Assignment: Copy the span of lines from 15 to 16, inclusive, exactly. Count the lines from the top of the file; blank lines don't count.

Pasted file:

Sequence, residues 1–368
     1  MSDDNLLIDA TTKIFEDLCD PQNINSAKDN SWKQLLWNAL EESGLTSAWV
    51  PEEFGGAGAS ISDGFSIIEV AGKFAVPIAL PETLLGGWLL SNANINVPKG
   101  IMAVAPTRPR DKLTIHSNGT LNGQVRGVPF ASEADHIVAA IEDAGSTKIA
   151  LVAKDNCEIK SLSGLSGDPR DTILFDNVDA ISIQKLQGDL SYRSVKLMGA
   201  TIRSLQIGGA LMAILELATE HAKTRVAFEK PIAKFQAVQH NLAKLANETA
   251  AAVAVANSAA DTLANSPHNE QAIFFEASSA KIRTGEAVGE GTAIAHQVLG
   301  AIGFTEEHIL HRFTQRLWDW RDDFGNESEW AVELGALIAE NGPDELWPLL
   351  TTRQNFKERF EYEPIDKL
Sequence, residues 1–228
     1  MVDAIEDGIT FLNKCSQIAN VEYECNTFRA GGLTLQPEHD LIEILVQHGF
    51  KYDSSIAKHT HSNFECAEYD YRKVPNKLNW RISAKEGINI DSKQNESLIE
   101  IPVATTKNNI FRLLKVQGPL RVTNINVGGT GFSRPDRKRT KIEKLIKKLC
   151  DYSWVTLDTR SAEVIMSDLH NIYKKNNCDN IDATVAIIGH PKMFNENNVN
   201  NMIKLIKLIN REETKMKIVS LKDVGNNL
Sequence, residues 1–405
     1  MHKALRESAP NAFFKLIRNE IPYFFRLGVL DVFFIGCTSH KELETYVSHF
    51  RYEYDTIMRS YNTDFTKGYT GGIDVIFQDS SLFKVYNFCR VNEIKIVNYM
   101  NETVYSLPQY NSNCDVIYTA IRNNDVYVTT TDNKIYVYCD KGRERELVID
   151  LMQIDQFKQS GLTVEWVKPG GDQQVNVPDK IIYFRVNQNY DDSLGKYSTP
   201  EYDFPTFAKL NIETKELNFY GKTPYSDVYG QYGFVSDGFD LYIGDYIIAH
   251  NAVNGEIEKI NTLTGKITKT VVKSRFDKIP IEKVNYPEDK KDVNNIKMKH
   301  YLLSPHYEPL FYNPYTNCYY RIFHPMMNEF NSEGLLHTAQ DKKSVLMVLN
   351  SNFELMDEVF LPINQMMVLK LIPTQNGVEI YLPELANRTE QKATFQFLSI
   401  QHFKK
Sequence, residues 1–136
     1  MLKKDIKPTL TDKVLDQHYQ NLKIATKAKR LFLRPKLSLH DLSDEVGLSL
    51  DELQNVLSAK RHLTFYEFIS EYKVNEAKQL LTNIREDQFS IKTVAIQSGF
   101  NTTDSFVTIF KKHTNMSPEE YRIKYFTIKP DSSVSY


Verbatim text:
   201  NMIKLIKLIN REETKMKIVS LKDVGNNL
Sequence, residues 1–405